Those examples are what real fragmentation is, not people using Android 2.2 v. Android 2.3.

Many people don’t know where to put the blame. Is it Google’s fault? Is it the handset manufacturers’ faults? Is it the wireless companies’ faults? Well, I don’t really care whose fault it is, but I know two simple steps Google can take to fix the problem (yes, the real problem, not the one the tech journalists claim to be the problem):

  1. Change the way skins work. Handset makers want ways to differentiate their Android phones from each other. So they take a regular Android operating system from Google, and then they customize it or “skin” it with some overlain interface. For Motorola, that’s Motoblur. For Samsung, it’s TouchWiz. For HTC, it’s Sense. That’s fine. I don’t mind them customizing the interface. The only problem is that then the customer cannot uncustomize the interface without rooting, and it’s a very small percentage (probably in the single digits) of Android users who will actually root their phones to install custom roms. So instead of just saying “Here! Bake in whatever you like so it can’t be undone,” Google should make it so Android can be skinned through a theming engine, and the handset makers can then make theirs the default theme, but then users who are interested can go back to the vanilla Google theme or download other themes from Google Play.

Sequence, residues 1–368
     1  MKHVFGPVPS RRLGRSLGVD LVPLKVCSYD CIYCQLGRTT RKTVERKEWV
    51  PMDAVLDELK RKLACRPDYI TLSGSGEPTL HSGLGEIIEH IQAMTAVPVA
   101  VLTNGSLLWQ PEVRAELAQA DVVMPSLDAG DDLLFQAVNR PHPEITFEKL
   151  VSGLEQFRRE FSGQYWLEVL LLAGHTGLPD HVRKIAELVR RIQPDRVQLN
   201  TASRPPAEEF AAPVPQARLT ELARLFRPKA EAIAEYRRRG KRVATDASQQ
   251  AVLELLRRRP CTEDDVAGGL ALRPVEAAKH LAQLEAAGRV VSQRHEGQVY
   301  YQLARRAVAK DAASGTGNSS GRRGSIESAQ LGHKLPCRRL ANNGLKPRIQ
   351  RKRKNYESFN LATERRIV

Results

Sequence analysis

2. Make all stock apps available through Google Play. I shouldn’t have to go hunting down an alternative to Email that includes Exchange support. That should just be in Google Play, ready to install. So handset manufacturers or wireless providers can put on whatever stock apps they think people will need, and then customers who don’t like those apps can then install the stock Google apps instead.

Google has taken a few steps in the right direction, and when more Android users are on Ice Cream Sandwich (4.0) or Jelly Bean (4.1), then they’ll appreciate these steps more. In Ice Cream Sandwich, you can disable preinstalled apps. And in Jelly Bean, you can disable notifications from certain apps, even if you keep them enabled.

I’m a big open source fan, but sometimes Google just has to take some control back. Give carriers and handset makers the right to customize, but then give users more of a right to uncustomize. Then you’ll get less of the real fragmentation problem.

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Does Android “fragmentation” actually affect end users?

Ever since 2009, I’ve been hearing a lot in tech blog posts and the media about “Android fragmentation.” No actual Android user I know in real life has complained about it, though. I’ve also noticed that criticisms about so-called Android fragmentation tend to be quite vague.

From Android fragmentation is real:

For Joe Average, this created an ultra-confusing marketplace where operating system versions changed every few months. It also meant that compatibility issues were inevitable.